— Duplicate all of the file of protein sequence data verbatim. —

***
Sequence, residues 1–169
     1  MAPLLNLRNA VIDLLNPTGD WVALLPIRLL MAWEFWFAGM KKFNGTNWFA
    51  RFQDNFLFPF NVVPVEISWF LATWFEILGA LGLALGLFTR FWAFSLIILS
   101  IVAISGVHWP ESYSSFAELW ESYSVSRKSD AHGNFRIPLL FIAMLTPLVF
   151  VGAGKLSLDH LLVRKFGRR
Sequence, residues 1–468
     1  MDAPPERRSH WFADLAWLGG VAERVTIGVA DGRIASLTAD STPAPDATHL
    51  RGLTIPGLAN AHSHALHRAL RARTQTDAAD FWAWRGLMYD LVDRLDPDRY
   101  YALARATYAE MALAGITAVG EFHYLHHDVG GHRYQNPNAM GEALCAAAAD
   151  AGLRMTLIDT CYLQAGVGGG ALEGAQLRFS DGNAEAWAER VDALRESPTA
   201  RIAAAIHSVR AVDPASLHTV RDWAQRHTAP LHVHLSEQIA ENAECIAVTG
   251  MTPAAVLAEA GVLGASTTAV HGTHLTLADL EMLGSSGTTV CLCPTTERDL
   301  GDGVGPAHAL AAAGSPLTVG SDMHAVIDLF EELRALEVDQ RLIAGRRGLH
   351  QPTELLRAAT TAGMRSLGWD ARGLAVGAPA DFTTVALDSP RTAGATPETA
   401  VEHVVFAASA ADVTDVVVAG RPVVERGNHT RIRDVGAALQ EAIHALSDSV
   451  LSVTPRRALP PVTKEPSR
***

Sequence, residues 1–169
     1  MAPLLNLRNA VIDLLNPTGD WVALLPIRLL MAWEFWFAGM KKFNGTNWFA
    51  RFQDNFLFPF NVVPVEISWF LATWFEILGA LGLALGLFTR FWAFSLIILS
   101  IVAISGVHWP ESYSSFAELW ESYSVSRKSD AHGNFRIPLL FIAMLTPLVF
   151  VGAGKLSLDH LLVRKFGRR
Sequence, residues 1–468
     1  MDAPPERRSH WFADLAWLGG VAERVTIGVA DGRIASLTAD STPAPDATHL
    51  RGLTIPGLAN AHSHALHRAL RARTQTDAAD FWAWRGLMYD LVDRLDPDRY
   101  YALARATYAE MALAGITAVG EFHYLHHDVG GHRYQNPNAM GEALCAAAAD
   151  AGLRMTLIDT CYLQAGVGGG ALEGAQLRFS DGNAEAWAER VDALRESPTA
   201  RIAAAIHSVR AVDPASLHTV RDWAQRHTAP LHVHLSEQIA ENAECIAVTG
   251  MTPAAVLAEA GVLGASTTAV HGTHLTLADL EMLGSSGTTV CLCPTTERDL
   301  GDGVGPAHAL AAAGSPLTVG SDMHAVIDLF EELRALEVDQ RLIAGRRGLH
   351  QPTELLRAAT TAGMRSLGWD ARGLAVGAPA DFTTVALDSP RTAGATPETA
   401  VEHVVFAASA ADVTDVVVAG RPVVERGNHT RIRDVGAALQ EAIHALSDSV
   451  LSVTPRRALP PVTKEPSR